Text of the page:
How does Bare Metal compare with Virtual Server?


Today’s technological progress allows us to choose from different server options based on our business needs and requirements. IT professionals are free to select any kind – a virtual server or bare metal. Each of the above has benefits and drawbacks but, at the same time, holds similar traits, which make the selection process rather thorough and careful. The bare metal server is the initial type of virtual hosting equipment, which gave birth to the other kinds. The following article reviews and compares Bare Metal vs Virtual Server with the goal of finding out the ultimate solution that would suit your preferences.

The definition of Bare Metal equipment

            The Bare Metal Server GTHOST is a piece of physical computing equipment that hosts only one tenant. It means that only one client can utilize the server. With this option, the OS is installed straight to the server, eliminating layers and leading to improved performance. The equipment is located outside of the data centres. It is relatively common for large corporations to install their servers on their own centres to control and maintain their operations. This way, the server owners can eliminate the noise of other tenants and improve the operating efficiency of their resources and digital infrastructure.

How is it different from a Virtual Server

There is a similar mechanism in Virtual Servers; however, the greatest difference is the number of tenants. Every virtual server is basically a typical bare metal, but with an additional layer – a hypervisor, that allows adding multiple operational systems and increasing the number of tenants using its resources with the goal of sharing the costs and using the server powers more efficiently.  The basic principle behind a virtual server is that it is the same bare metal server, which is located at a particular data center, but grants access to its services for multiple clients. Each client would have their own operational system and is able to manage and control their resources.Here are the examples of how these servers operate:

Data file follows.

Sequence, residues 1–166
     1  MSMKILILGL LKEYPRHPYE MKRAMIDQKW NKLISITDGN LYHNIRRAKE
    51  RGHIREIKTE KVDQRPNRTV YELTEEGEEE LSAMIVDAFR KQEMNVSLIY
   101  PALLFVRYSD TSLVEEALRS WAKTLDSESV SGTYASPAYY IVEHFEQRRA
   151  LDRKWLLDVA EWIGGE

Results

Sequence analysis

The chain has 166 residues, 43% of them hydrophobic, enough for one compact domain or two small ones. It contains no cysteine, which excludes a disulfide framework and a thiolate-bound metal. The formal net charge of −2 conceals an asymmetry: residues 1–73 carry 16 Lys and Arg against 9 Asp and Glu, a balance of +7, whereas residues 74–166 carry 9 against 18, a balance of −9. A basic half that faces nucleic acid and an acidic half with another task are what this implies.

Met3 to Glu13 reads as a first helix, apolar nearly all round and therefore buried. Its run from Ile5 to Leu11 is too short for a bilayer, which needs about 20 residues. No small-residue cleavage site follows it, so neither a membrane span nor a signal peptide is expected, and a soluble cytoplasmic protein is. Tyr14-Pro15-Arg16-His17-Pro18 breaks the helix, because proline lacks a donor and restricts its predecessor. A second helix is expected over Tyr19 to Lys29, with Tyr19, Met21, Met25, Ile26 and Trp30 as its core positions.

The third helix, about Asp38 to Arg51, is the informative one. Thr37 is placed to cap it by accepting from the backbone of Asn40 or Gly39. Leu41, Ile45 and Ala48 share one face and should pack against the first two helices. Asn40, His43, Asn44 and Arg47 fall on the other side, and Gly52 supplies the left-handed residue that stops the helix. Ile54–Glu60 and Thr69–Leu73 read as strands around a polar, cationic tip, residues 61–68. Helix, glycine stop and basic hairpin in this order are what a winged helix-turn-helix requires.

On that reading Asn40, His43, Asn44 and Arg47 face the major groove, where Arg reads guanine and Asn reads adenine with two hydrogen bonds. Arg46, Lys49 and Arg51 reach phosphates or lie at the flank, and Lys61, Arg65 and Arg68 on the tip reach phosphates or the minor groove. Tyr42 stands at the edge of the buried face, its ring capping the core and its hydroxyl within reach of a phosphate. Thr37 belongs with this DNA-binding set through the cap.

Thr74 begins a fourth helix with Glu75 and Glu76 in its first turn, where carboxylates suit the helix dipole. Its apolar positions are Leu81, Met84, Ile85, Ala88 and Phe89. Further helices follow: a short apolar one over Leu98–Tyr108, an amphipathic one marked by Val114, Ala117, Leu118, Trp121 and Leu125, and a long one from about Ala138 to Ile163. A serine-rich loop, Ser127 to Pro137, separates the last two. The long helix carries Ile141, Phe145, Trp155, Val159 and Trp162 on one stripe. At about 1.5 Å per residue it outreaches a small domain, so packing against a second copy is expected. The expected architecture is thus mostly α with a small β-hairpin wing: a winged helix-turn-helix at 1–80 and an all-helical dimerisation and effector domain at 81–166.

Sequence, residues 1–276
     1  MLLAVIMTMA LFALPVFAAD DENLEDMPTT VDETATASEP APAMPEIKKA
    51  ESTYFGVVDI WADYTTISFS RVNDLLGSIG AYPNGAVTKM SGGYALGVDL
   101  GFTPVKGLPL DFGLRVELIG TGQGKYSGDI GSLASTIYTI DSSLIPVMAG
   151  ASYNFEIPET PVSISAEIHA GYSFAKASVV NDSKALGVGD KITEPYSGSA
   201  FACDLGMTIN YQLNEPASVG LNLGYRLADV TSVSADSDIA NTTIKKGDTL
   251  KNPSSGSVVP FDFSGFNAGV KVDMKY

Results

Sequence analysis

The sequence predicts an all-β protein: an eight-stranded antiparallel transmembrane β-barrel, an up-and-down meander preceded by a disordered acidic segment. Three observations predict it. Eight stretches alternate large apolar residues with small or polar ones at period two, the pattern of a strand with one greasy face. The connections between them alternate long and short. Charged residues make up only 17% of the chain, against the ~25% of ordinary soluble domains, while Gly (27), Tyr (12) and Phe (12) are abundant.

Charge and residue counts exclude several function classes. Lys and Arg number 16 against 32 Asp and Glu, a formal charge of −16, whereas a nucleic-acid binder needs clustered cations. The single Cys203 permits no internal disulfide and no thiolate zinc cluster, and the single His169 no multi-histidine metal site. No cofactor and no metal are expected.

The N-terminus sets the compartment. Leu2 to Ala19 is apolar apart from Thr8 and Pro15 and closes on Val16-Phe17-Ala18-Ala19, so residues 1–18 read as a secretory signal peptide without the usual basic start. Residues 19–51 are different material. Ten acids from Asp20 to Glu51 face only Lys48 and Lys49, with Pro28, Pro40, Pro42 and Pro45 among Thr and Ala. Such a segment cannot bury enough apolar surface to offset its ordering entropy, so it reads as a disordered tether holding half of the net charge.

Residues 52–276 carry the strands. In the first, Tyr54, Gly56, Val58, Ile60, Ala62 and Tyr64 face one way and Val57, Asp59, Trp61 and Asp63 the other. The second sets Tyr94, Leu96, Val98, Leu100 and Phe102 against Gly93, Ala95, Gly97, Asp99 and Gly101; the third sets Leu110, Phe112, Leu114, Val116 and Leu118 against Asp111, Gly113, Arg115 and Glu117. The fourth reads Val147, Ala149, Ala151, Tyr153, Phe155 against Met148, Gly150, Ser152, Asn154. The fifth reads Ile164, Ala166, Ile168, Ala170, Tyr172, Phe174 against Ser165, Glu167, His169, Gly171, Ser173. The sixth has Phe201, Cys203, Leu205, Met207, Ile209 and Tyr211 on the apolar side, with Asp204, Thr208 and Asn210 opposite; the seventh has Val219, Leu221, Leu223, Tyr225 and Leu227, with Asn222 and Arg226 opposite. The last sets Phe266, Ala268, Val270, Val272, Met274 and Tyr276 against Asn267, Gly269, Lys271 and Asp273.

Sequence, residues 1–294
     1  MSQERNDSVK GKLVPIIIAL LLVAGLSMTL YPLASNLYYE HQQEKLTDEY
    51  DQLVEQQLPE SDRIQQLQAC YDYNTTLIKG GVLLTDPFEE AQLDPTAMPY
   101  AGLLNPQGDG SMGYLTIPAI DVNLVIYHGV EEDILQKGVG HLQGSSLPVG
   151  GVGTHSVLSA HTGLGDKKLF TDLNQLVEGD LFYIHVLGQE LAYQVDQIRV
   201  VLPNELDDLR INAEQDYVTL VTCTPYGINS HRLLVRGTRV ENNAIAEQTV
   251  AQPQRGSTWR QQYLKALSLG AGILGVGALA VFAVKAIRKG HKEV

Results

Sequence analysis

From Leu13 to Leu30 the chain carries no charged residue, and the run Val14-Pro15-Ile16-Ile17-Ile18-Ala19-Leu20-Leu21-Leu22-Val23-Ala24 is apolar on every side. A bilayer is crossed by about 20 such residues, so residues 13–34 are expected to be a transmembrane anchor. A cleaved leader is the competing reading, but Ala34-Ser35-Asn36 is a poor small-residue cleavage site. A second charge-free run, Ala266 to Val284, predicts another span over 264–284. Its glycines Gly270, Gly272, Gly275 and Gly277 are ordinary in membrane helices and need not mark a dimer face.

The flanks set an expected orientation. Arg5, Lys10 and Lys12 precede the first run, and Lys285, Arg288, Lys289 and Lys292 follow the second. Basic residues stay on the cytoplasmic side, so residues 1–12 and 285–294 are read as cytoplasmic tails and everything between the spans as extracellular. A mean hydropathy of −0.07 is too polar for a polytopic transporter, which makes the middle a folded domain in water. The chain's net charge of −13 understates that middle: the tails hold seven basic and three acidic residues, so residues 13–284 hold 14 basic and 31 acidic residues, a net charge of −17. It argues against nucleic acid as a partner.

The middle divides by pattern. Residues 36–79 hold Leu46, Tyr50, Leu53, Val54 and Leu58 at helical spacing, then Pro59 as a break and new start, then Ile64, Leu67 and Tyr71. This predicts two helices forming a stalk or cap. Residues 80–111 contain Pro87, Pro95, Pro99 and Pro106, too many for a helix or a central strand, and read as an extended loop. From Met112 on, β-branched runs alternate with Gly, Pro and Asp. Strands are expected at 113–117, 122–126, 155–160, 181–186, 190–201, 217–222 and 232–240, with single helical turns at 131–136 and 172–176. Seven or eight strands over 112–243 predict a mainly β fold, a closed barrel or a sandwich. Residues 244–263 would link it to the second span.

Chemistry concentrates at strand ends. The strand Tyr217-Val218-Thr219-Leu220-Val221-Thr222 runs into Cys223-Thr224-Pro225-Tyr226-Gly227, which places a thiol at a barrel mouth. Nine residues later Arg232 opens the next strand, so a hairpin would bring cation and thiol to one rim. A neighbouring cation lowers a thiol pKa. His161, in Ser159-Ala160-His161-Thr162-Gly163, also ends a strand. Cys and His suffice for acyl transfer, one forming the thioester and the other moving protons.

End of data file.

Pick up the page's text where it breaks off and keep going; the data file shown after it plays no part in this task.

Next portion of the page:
A Virtual shared hardware:

  • Data centre with physical hardware equipment;
  • Hypervisor gets installed on the hardware to manage multiple tenants;
  • Operational System that enables online services to operate;
  • Tenants, which are mobile apps and websites.

In contrast, a Bare Metal would skip one stage and have Operational System build it directly on the hardware, therefore, it would look like this:

  • Client’s data centre;
  • Operational System that enables the online service to operate;
  • A single tenant’s website or mobile application;

Pros and Cons

 Many businesses and large corporations trust their digital infrastructure to bare metal servers because they can guarantee security and operational reliability. The reason behind their safety is that this kind of digital equipment only hosts one tenant; therefore, its virtual environment is totally dedicated to that one client. The users of such solutions do not experience information leakages and other kinds of unwanted interferences, unlike Virtual Servers or dedicated server in the USA or Canada that grant access to several tenants. A single-tenant server does not get disrupted by the noise from other clients, meaning it can deliver better performance. Information can be retrieved quickly, and the equipment does not need to process requests of other tenants simultaneously.

 Another great benefit of having a single tenant equipment is the possibility to tailor it according to the needs of your business. It allows choosing who is going to be using the server, how it is going to be used and other specific settings that help further increase security and operational efficiency.

 Nowadays, when the volume of data that needs to be processed daily increases, many companies integrate artificial intelligence to optimize their operations; having a system that works with a vast capacity of data becomes vital. Whilst, virtual servers cannot offer a predictability of their performance and deal with enormous amounts of information, having a single-tenant server becomes a necessity. These providers can provide quick processing times, and consistent work efficiency, which shared servers are not capable of due to large numbers of other tenants.

Finally, when making a decision of which option to go ahead with – Bare Metal vs Virtual Server, it is important to consider the pricing aspect. It is vital to acknowledge that the two server options have contrasting billing strategies. The Virtual Server bills its clients on services and resources used, whereas the Bare Metal would have a fixed fee that is charged on a regular basis. Other than that, the second option is normally more expensive, as it will be dedicated to your company only